Since most people do not know that undergraduate students are actually subsidizing research and graduate education, they do not protest the constant increase in undergraduate tuition. Moreover, since the administrators running universities cannot or will not admit that undergrads are their true source of income, they end up committing institutional suicide. We can begin to see why budgetary transparency is so important; without clarity concerning what part of the university makes and loses money, no rational decisions can be made.
Huge Investment Losses
The other big lie concerning university funding is the role of financial investments in destabilizing budgets. For example, while UC administration has argued that since the state reduced university funding by a combined $600 million in 2008 and 2009 (after we account for $718 million in federal recovery money), the system had to raise fees 41%, furlough employees, and layoff teachers. However, during this same time period, the UC lost over $23 billion in its investments.
This means that the investment losses were more than forty times greater than the state reductions, but the university administrators never talk about these huge investment losses. In fact, at the last UC Regents meeting, after I brought up the lack of discussion concerning the UC’s investment losses, the head regent, Russell Gould, exclaimed that, “Our investments have outperformed our peers in the last twenty years.” Not only was this statement incorrect, but it shows how the people overseeing the university do not want to deal with the real issues. Rather than looking at their own internal problems, the UC administration’s central strategy is to blame all problems on the state.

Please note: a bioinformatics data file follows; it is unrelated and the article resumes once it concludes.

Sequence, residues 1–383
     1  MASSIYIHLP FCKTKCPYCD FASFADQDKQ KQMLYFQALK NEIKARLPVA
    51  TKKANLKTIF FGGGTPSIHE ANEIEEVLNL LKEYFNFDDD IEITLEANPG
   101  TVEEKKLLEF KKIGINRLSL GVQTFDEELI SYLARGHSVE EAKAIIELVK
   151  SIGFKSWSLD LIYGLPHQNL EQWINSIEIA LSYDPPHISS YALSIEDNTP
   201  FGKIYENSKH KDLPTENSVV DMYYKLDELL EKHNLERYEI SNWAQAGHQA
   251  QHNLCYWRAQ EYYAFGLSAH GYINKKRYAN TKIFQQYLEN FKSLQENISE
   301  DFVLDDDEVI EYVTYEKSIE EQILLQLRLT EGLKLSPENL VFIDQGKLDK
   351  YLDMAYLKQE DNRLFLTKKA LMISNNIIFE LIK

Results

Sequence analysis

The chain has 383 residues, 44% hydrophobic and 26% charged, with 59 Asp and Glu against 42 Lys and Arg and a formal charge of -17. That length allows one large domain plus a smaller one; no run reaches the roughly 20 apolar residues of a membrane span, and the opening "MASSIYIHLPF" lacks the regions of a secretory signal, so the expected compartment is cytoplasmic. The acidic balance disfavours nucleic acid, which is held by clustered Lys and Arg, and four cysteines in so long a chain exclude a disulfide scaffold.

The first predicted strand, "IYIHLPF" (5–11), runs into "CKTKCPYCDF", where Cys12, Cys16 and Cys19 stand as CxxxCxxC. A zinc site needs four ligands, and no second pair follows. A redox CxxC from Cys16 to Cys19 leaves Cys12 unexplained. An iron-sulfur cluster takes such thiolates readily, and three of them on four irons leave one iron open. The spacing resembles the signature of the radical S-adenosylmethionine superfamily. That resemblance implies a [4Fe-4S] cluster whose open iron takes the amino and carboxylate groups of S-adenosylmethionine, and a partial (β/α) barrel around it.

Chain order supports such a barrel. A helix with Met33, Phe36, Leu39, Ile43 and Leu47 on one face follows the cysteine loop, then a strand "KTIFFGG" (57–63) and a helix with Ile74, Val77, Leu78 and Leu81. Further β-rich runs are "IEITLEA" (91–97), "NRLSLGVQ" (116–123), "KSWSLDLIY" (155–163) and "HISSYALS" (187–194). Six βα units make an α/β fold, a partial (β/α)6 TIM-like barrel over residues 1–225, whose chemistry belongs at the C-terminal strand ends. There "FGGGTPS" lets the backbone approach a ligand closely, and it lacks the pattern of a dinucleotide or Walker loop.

Promoting Virtual Slums
Instead of admitting that undergraduates bring in profits and financial investments have caused a fiscal crisis, the university is claiming that online education is the only solution to increased deficits and the need to enroll more students. In this version of virtual slums, the idea is to expand the number of underrepresented minority students in the UC system by offering them an online version of higher education.
When I asked the main promoter of this program, Berkeley Law School Dean, Chris Edley, if he was aware that the low-income students he wants to reach do not have fancy computers, broadband access, or sophisticated software, he replied that the university would have to provide these technologies, but it would be just a drop in the fiscal bucket. Since Edley, like so many other administrators, has no idea how the university makes and loses its money, he feels free to make outrageous claims that have little connection to reality.
If universities want to improve their fiscal health and improve the quality of their educational offerings, the answer is to increase enrollments, rein in high-risk investments, and reduce the cost of non-instructional expenses. Of course, this type of policy would require an honest look at how schools actually make and lose money.